Finneran, Kevin T University of Illinois at Urbana-Champaign
Complete Reductive Dechlorination of Trichloroethylene (TCE) by non-Dehalococcoides Microorganisms
The objectives of the proposed work are to: 1) demonstrate that organisms outside of the genus Dehalococcoides can completely reduce TCE to ethene, 2) use the enrichment cultures developed to characterize the metabolism, geochemistry, and chlorinated solvent biodegradation kinetics of non-Dehalococcoides microorganisms, 3) verify that the dominant non-Dehalococcoides microorganism(s) are most closely related to organisms within the genus Desulfosporosinus, 4) characterize the pathway for acetate oxidation and utilization during complete dechlorination to determine if it is directly oxidized as the sole electron donor (by Dehalococcoides or non-Dehalococcoides liquid enrichment cultures) or to define the mechanisms by which it may generate hydrogen under the same conditions, 5) demonstrate that electron donors (acetate or H2) added at stoichiometric concentrations relative to the electron acceptors present promotes faster TCE reduction to ethene when compared to excess electron donor addition, and 6) quantify the specific conditions in which Fe(III) reduction and complete dechlorination are promoted simultaneously.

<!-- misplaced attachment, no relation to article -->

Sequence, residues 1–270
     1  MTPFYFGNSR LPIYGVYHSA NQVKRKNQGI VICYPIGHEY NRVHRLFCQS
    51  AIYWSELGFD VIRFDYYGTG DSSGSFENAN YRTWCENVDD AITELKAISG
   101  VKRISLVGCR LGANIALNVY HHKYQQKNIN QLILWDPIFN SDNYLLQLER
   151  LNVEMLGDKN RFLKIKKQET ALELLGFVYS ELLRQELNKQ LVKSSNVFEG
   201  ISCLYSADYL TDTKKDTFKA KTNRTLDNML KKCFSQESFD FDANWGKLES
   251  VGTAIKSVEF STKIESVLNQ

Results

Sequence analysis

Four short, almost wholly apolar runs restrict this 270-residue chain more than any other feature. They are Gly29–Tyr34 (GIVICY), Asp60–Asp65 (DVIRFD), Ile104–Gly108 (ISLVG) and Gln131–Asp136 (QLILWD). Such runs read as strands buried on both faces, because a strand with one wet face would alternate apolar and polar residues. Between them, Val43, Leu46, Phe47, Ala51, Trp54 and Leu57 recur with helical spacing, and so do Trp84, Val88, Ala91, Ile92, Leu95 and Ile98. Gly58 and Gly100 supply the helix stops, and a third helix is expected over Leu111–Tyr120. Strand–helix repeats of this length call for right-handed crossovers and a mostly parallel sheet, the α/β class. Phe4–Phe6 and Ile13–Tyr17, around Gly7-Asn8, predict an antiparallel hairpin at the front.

This is the first research to address the probability of non-Dehalococcoides complete dechlorination. This will change fundamental and applied science and engineering with respect to halorespiration as a metabolic process, and chlorinated solvent bioremediation as a practiced technology. In addition, the work will characterize several poorly understood environmental processes including the overlap of Fe(III) reduction and complete dechlorination, and acetate as a direct electron donor for halorespiration. The proposal has been constructed in a manner that all hypotheses are relevant and independent, and the data generated will benefit the broader scientific community studying basic halorespiration science or those investigating applied bioremediation of TCE.
The proposed outreach plan incorporates both students who are members of underrepresented groups in environmental engineering, and practitioners who will ultimately benefit from the data. The students will be both graduate level and undergraduate level, and will be recruited specially from programs for minority and female students. The practitioner aspect will culminate in direct contact with one group who has already expressed interest in the work and with others via conferences and individual presentations to small groups at their regional offices. Entire research staff including the proposed postdoctoral scholar will interact with all practitioners such that they become accustom to the lab to field transition for research, and how the pragmatic aspects of environmental engineering practice can influence fundamental research science.